The explanatory note states that the purpose of the Law is “to prevent the occurrence and spread of acute respiratory disease COVID-19 caused by SARS-CoV-2 coronavirus in penitentiary institutions”, “to reduce the number of persons serving sentences in these institutions” (as of April 1, there were 32,942 of them), “savings of budget funds spent on the maintenance of convicts”, as well as ensuring the possibility of creating appropriate conditions for serving sentences for persons who will continue to be in these institutions.
If the law is approved, approximately 3,009 persons will be released from serving sentences.
The draft law was prepared in accordance with Article 92 of the Constitution of Ukraine in order to demonstrate the humanism of the state in the area of execution of criminal punishments.
Obviously, the high purpose of humanism should not be denied. It is necessary to adopt this draft law as soon as possible. However, one should not forget that humanism has two sides. Thus, if we demonstrate humanism to the criminal, then we must demonstrate it to the victim, including the potential one, and each of us is a potential victim before we fully overcome the crime in the world.
In view of this, two penitentiary problems arising from the draft law № 3397 should be noted.
The first is the problem of non-compensation for damage caused by crime. Compensation and restitution to victims usually do not even cover the costs of burial, medicine and hospitalization, rehabilitation of physical and psychological injuries, not to mention property damage.
The European Court of Human Rights has repeatedly stressed, in particular in the context of Ukraine, that “the right to go to court would be illusory if the national legal system allowed a final, binding judgment to remain unenforced to the detriment of one of the parties.” According to official statistics, about 80% of appeals to the ECtHR concern the issue of non-compliance with the judgements of Ukrainian courts.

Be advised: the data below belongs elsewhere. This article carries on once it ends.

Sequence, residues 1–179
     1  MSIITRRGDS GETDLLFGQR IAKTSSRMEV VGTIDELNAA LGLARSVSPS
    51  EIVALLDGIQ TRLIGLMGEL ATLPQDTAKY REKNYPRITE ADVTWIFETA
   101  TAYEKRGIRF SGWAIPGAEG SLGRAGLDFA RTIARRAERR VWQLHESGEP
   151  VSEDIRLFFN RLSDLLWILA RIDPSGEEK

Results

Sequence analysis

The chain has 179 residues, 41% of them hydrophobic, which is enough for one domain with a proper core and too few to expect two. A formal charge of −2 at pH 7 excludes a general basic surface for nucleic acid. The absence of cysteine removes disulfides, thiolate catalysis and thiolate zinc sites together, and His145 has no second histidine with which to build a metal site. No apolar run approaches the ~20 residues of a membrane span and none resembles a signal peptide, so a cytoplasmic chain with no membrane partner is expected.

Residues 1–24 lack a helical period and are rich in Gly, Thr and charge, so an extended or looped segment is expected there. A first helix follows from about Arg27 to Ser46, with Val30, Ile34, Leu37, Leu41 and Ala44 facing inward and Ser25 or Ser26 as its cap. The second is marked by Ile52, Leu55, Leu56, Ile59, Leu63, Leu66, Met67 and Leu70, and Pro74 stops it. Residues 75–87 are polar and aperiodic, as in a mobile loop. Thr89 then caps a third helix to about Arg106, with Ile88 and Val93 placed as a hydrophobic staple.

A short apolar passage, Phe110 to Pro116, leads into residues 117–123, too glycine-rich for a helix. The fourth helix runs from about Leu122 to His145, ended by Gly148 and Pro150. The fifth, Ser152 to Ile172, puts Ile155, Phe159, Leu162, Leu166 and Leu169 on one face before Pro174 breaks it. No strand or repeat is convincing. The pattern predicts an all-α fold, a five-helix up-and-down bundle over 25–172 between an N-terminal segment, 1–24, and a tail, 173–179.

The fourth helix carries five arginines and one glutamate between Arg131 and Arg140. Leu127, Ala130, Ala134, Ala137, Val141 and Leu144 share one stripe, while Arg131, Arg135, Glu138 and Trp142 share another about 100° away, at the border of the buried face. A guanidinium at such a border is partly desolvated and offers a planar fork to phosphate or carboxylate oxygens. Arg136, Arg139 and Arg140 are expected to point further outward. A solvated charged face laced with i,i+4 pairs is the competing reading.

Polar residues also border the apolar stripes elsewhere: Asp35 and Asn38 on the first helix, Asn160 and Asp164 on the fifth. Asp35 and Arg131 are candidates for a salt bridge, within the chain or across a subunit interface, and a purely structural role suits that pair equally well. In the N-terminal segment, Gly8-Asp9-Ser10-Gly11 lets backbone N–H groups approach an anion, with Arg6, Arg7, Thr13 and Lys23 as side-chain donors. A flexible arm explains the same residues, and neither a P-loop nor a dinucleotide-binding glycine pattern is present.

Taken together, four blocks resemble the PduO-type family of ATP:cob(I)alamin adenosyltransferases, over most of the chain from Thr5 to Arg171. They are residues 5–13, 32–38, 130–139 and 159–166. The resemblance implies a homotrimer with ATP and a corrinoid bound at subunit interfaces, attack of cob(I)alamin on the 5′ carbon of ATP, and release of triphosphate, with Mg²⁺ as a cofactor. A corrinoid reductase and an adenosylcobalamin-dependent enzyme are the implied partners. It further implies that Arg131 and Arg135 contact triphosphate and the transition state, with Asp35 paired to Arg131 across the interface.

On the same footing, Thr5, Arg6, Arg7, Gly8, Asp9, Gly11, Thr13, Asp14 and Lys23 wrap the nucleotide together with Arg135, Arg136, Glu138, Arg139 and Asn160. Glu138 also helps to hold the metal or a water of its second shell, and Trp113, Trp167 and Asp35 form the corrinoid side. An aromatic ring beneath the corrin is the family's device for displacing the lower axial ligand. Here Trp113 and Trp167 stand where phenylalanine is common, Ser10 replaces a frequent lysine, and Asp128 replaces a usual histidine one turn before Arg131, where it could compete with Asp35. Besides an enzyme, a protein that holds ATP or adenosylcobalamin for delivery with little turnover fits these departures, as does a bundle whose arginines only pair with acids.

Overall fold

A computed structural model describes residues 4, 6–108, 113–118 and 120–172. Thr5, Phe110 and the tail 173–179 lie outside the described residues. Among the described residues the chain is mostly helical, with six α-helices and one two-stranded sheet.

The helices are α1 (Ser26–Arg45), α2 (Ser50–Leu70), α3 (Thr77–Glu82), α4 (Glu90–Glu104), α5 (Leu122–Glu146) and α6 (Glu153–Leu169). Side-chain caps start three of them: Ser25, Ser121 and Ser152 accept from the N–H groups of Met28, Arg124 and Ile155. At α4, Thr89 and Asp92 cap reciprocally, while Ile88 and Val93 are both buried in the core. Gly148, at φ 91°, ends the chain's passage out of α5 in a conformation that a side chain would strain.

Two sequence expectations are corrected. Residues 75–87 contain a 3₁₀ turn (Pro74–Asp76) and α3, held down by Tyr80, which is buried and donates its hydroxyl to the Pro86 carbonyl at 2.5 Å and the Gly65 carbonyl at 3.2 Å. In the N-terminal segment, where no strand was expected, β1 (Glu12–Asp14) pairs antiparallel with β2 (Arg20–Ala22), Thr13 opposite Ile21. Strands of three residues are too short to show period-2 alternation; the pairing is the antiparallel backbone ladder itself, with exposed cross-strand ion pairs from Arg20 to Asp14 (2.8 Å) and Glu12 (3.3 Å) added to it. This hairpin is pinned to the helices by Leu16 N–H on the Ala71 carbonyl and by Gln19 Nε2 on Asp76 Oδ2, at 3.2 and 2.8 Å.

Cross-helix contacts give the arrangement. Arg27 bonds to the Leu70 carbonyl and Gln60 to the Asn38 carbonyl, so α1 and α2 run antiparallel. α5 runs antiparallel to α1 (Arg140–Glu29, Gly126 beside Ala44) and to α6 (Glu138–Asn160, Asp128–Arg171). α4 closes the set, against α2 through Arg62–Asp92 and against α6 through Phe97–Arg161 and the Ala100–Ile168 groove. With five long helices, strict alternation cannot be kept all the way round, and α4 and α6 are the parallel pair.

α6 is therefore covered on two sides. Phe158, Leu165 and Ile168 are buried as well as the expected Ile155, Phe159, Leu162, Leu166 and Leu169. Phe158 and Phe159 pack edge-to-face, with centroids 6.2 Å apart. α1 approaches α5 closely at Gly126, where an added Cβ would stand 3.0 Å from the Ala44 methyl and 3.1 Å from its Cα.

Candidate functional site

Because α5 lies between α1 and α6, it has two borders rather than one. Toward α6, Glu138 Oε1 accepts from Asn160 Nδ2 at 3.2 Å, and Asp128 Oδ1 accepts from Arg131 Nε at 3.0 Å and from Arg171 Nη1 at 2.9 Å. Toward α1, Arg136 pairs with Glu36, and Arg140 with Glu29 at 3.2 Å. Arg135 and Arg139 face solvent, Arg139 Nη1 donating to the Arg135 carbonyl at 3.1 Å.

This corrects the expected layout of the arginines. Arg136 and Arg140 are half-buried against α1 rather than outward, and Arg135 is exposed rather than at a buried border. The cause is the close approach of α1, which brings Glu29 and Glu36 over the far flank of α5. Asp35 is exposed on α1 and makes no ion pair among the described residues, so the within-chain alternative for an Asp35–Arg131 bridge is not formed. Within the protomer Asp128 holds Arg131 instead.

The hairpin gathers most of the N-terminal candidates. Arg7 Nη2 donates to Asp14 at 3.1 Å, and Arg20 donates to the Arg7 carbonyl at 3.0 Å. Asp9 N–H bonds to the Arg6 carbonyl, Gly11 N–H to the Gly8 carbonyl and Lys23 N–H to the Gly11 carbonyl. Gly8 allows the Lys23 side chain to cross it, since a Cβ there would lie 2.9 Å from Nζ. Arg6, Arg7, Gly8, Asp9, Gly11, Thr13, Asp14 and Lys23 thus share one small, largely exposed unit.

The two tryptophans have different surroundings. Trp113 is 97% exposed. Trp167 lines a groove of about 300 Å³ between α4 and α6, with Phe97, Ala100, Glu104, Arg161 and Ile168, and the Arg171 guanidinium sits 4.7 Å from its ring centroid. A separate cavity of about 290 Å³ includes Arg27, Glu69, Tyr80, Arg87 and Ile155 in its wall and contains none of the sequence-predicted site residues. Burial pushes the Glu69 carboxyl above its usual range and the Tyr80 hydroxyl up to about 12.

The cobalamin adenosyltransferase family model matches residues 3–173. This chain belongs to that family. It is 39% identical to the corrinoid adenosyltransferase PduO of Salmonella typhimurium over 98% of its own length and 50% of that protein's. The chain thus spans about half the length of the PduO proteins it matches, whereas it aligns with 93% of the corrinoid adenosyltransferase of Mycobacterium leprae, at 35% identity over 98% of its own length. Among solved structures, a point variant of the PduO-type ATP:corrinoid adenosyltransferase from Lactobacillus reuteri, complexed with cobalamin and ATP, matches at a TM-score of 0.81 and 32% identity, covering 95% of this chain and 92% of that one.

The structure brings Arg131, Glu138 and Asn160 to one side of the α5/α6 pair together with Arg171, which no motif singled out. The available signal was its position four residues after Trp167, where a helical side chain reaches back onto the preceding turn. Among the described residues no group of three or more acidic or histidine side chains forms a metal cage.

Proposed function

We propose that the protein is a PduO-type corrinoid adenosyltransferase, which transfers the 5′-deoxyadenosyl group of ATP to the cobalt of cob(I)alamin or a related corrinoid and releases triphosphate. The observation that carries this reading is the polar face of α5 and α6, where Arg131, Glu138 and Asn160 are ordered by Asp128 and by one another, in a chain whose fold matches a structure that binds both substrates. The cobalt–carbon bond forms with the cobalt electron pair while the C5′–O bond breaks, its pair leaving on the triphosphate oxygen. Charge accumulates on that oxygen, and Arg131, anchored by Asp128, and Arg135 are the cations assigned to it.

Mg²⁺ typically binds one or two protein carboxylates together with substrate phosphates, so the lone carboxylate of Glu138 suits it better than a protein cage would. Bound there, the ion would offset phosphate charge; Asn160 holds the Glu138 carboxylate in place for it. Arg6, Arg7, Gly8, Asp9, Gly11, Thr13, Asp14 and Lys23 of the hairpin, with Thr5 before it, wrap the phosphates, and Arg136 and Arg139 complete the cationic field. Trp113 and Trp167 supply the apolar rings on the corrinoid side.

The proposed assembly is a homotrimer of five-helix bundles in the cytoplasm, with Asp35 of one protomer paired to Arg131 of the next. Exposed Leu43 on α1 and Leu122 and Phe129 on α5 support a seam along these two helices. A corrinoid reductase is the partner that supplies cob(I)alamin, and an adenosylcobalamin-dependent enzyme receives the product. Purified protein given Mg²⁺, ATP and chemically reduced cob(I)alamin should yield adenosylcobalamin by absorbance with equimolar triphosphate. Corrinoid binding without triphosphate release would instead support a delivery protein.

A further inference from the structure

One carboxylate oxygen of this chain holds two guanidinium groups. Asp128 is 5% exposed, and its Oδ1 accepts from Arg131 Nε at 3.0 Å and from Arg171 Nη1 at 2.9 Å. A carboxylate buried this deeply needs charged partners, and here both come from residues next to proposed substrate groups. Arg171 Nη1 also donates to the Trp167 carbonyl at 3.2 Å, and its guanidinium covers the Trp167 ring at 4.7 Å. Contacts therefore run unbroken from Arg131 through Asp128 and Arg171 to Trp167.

Despite the fact that back in 1977, the Committee of Ministers of the Council of Europe adopted Resolution (77)27 on the compensation to victims of crimes in which the states were recommended to establish a special Fund for compensation for victims of violent crimes, Ukraine has not been able to create such a Fund since its independence. Like victims, the state acting in the interests of taxpayers should at least be interested in recovering from the criminals the damage caused by the crime, as well as at least partially reimbursing the procedural and administrative costs associated with the operation of law enforcement authorities, prosecutors and courts, which put a heavy burden on the budget.
In the last three years alone, Ukrainian courts have issued sentences of about 60,000 fines worth hundreds of millions of hryvnias, as well as more than 3,000 sentences of confiscation of property and special confiscation. However, according to various sources, no more than 10-20% of these court decisions have been executed.
According to the analyzed draft law, the authorities are trying to release from punishment all convicts to fines, confiscation of property, as well as to correctional work and service restrictions for servicemen (which in fact is also a fine – “in installments”). But what is the relation to the SARS-CoV-2 coronavirus here?
According to the purpose of the law, it should apply only to persons sentenced to imprisonment, restriction of liberty, arrest and detention in a disciplinary battalion, i.e. to those types of punishment that may contribute to the spread of acute respiratory disease COVID-19 caused by coronavirus SARS-CoV-2. Demonstration of humanism towards all other convicts is a demonstration of anti-humanism towards victims and disregard for the interests of taxpayers, which trenches upon criminal negligence or even abuse of power.
The second problem is created by the provisions of Article 13 of the draft law No. 3397, which states: “This Law applies to persons who have committed crimes before the date of its entry into force.” (Such a phrase is usually found in all draft laws on amnesty).
Thus, the state actually promises to forgive everyone who has committed the following crimes from the day the text of the draft law was published (in this case – from April 29), and until the day the amnesty law comes into force:
- any intentional crime of small or medium gravity or negligent serious crime – if it is a person specified in Article 1;
- any crime, except for a particularly serious crime and certain war crimes – if it is a person specified in Article 2;
- any crime other than violence, if it is a person specified in Article 3;
- any crime other than those specified in Article 9, if it is a person specified in Articles 4, 5 and 6.
In order to prevent this draft law from turning into a call to impunity for criminal activity for a specified period, Article 13 should read as follows: “The effect of this Law shall extend to persons who committed crimes before the day of the official registration of this draft law in the Verkhovna Rada of Ukraine.”